A mountaineering expert believes 19-year-old Brisbane climber Alyssa Azar has just one opportunity – today – to become the youngest Australian to conquer Everest, with heavy snow forecast over the next few days.Due to her limited oxygen supply, if there is any delay in Ms Azar’s climb, she probably won’t get another chance to reach the summit soon.
“She’s on her push right now and if she makes it and comes down then everything is great, but if she has to turn around there’s probably no second chance for her [this visit],” mountaineering expert and Everest blogger Alan Arnette said.
It is Ms Azar’s third trip to Nepal to tackle Everest. She had hoped to reach the summit in 2014 and 2015, but an avalanche and then the Nepal earthquake – featured in the video above – closed the mountain on those occasions.
Adventure has been a major part of Ms Azar’s life since she was eight, when she completed her first challenge, crossing the Kokoda Track in Papua New Guinea.
Since her first achievement Ms Azar completed treks such as Everest Base Camp, Kokoda, Mount Kosciuszko, Mount Kilimanjaro and the Aussie 10 – the highest peaks in Australia.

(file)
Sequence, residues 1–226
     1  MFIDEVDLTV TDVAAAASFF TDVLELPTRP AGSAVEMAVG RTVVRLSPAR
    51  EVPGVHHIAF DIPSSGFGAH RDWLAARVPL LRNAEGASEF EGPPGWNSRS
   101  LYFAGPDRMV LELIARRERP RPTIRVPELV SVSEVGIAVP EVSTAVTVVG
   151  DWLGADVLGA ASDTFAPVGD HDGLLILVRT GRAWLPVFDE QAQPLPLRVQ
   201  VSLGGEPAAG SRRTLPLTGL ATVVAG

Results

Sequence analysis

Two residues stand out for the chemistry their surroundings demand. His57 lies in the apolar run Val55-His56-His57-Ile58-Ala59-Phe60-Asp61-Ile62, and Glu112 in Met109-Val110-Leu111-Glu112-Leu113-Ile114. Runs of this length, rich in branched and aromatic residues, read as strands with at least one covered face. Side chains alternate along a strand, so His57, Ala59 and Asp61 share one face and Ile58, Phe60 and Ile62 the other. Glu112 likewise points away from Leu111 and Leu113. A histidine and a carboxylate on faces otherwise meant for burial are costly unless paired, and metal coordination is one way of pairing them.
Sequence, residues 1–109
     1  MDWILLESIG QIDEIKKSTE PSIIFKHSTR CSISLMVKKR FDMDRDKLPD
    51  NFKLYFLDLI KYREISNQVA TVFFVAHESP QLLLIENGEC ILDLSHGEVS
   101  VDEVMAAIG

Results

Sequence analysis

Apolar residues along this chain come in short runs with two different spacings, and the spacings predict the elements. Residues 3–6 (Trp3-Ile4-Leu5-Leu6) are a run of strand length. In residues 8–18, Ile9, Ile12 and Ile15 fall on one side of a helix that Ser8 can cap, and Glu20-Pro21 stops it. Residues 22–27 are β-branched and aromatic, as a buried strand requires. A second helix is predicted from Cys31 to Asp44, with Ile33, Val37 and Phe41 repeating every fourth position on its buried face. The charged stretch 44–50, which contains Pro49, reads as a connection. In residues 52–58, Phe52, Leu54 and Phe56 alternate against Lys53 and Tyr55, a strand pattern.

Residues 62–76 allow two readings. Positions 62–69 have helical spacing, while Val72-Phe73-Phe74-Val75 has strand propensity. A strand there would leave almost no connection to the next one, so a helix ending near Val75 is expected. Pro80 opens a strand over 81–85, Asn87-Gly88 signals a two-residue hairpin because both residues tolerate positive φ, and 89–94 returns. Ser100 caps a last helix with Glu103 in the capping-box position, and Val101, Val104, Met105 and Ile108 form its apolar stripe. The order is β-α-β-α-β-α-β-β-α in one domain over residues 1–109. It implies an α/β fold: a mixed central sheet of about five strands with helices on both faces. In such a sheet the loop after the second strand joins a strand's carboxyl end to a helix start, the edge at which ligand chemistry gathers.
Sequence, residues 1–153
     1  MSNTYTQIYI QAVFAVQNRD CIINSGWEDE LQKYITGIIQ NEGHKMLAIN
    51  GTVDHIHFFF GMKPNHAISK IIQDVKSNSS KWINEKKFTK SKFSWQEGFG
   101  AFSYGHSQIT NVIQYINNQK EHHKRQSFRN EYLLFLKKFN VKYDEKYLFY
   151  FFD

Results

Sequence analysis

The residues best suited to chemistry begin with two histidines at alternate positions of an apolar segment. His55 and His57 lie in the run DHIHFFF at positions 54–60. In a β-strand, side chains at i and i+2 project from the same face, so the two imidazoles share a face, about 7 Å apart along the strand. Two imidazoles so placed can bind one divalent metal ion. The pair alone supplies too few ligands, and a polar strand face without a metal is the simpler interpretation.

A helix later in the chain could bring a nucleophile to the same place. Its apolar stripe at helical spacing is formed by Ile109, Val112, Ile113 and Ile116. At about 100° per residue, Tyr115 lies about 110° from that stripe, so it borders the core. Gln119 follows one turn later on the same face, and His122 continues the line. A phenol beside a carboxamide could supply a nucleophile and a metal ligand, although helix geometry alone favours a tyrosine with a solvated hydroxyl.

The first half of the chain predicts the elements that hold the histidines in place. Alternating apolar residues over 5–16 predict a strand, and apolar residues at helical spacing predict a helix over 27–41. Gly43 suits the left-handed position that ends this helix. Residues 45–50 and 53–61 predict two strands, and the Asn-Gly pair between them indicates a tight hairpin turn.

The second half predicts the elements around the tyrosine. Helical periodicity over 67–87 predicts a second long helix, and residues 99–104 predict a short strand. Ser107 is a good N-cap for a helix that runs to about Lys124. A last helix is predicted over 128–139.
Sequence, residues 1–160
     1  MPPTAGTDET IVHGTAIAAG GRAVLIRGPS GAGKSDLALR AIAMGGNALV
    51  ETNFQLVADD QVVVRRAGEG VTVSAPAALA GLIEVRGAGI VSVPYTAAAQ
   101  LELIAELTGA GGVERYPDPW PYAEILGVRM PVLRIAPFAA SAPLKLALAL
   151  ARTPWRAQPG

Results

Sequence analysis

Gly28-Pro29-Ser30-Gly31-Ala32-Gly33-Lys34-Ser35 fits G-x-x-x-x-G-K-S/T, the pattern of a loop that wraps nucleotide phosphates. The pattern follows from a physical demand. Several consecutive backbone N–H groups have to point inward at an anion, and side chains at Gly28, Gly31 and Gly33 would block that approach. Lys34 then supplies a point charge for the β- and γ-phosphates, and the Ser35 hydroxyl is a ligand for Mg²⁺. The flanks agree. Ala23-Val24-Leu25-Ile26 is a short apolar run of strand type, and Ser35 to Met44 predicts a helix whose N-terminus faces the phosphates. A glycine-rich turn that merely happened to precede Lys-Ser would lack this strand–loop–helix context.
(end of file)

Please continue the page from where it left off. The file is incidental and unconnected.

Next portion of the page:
After completing Kilimanjaro in 2011, Ms Azar undertook a mountaineering course in New Zealand.
On top of her impressive trekking record, she climbed in South America and Nepal on various expeditions to different peaks including Ama Dablam, Aconcagua, Manaslu and two Everest Expeditions.
Mr Azar hopes it’s a case of third time lucky for his daughter to become the youngest Australian to climb the world’s highest mountain.
“It’s been many years in the making and a lot of work, but it all comes down to this one week,” Mr Azar said.
Ms Azar made her way to base camp four in good weather on Friday and is planning her summit attempt on Saturday.
Mr Arnette said about 70 climbers are trying to reach the summit in good conditions.
“The conditions are actually pretty good, it’s a little warmer than it has been over the last several years, but it’s also a little windier so that’s the big concern right now,” Mr Arnette said.
“The wind can cause frostbite, there have been several people who have got frostbite over the last week or so on the side Alyssa is going on.”
Mr Arnette said he estimated the success rate for those climbers attempting to conquer Everest at 80 per cent, but hadn’t heard anything specifically on Ms Azar’s progress.
The climb up to the summit from camp four can take between eight and 12 hours.
A typhoon forming near India had threatened the expedition, but that was no longer a concern.
Mr Arnette said there had been a death on the mountain in the past few days.
“There was a Sherpa who was fixing the ropes up to the adjacent peak to Everest called Lhotse, they should be clipped into a safety line but apparently this individual was not.
“He was with a team of seven other Sherpas and they were climbing with a team of seven other people from the Indian Army.
“Unfortunately he slipped on the ice leading up to the fourth biggest mountain in the world and … fell close to 2000 metres … to his death.”
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